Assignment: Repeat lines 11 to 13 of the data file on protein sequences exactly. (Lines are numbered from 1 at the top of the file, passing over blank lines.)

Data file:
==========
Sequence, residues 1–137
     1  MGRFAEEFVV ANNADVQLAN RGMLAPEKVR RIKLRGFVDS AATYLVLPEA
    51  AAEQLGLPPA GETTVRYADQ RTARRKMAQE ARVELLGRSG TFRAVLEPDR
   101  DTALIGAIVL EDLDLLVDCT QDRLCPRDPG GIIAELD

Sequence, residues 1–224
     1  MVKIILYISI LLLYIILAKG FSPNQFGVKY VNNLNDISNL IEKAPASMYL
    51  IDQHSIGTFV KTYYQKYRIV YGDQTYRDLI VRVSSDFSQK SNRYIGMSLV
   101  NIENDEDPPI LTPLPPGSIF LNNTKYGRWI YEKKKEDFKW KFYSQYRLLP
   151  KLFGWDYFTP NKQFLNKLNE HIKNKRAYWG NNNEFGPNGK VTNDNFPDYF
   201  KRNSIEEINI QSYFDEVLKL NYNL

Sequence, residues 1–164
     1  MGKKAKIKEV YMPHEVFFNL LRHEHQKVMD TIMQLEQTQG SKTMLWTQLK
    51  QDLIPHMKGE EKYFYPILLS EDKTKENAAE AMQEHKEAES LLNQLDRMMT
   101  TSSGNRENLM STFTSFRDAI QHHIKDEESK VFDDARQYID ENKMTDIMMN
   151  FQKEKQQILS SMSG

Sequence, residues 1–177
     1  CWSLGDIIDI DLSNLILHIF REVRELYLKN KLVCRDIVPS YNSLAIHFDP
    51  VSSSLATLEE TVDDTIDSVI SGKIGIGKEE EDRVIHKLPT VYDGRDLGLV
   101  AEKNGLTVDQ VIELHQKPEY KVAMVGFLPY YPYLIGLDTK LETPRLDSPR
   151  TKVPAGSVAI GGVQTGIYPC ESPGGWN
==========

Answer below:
Sequence, residues 1–164
     1  MGKKAKIKEV YMPHEVFFNL LRHEHQKVMD TIMQLEQTQG SKTMLWTQLK
    51  QDLIPHMKGE EKYFYPILLS EDKTKENAAE AMQEHKEAES LLNQLDRMMT